We haven’t yet invented a drain cover that won’t let in a fair amount of hay, dirt, manure balls, hair, mud, and pebbles in over the winter. When the spring thaw comes, the excess water pushes it all down until they come together and clog the works. Some people have invented devices they claim make clearing those clogged drains easy, but none of them are as fast or effective as putting on a glove and cleaning them out by hand.
A lot of experts suggest putting on breeder sleeves before getting elbow-deep into that mess. But you probably already know that glove’s likely to break halfway through and become another piece of trash you have to deal with. And that’s assuming you can reach the clog once it’s been pushed down by spring runoff.
Instead, invest in an old-fashioned drain snake, the kind you probably already have for your toilet and kitchen already. Get the larger model, and use it along with your favorite natural or store-bought drain cleaning solution. Alternate between the two until the drain is good to go.
6. Trail & Field Clearing
You’ve stayed off your trails all winter, but they’re still littered with branches and rocks. It’s a hassle to deal with every year.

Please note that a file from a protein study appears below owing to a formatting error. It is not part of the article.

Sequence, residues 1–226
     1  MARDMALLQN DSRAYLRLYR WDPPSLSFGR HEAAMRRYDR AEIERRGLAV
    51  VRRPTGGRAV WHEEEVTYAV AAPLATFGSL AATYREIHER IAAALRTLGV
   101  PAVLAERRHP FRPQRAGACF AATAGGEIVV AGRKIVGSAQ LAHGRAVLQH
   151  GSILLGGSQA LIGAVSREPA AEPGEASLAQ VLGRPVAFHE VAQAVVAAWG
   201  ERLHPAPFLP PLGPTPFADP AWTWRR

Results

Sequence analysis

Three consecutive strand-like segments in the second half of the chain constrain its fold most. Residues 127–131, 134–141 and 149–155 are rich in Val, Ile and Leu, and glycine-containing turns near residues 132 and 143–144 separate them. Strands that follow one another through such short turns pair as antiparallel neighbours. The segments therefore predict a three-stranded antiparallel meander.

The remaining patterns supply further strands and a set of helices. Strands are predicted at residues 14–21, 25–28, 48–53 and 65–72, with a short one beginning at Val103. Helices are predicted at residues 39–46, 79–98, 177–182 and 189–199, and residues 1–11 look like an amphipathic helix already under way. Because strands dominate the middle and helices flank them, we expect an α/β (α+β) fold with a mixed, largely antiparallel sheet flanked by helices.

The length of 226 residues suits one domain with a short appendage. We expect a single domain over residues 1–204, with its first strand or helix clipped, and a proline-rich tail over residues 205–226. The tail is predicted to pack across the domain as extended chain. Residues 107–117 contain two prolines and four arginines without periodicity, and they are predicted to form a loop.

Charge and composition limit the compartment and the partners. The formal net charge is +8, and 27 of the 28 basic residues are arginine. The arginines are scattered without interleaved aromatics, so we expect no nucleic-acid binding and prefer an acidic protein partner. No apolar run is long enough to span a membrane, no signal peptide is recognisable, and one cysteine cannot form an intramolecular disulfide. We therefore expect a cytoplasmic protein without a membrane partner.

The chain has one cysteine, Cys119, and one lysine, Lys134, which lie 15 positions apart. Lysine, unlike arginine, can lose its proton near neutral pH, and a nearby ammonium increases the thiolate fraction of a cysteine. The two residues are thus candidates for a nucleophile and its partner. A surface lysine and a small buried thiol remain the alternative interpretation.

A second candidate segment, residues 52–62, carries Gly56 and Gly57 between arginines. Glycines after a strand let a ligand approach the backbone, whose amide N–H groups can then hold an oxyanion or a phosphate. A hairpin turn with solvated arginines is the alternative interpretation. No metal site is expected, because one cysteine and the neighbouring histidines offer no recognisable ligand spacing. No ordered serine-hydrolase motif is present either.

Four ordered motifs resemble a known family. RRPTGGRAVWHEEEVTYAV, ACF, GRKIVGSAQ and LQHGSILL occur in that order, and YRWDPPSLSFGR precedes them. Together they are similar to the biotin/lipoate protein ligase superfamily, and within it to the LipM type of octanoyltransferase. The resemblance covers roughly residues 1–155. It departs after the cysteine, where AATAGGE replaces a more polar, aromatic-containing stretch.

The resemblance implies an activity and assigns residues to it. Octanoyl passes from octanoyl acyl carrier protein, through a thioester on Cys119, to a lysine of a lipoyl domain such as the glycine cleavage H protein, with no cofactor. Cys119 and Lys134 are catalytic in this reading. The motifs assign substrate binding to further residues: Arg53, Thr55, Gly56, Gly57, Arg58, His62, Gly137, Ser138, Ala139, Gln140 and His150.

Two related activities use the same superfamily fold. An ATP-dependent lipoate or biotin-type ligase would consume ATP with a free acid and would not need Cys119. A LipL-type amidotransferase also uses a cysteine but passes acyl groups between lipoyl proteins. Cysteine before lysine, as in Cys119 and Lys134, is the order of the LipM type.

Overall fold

“Small to big” is the rule for clearing both. Clear off small twigs and stones using a grid search pattern to minimize how long it takes. Once that’s done, hook up a bin to your tractor or ATV and pick up everything portable that’s larger.
Finally, bring out the tools to move any large branches, boulders, or other debris you can’t lift independently. It’s best to do this one section of your property at a time: this field from small to large, then this half-mile of trail.
Late last fall, you spent a few hours weatherizing your property. You put up the storm windows and doors, purged the pipes you won’t use, installed or activated extra heating and ventilation for your livestock, and a dozen other tasks to keep everything safe from the cold. Now it’s time to undo all of it.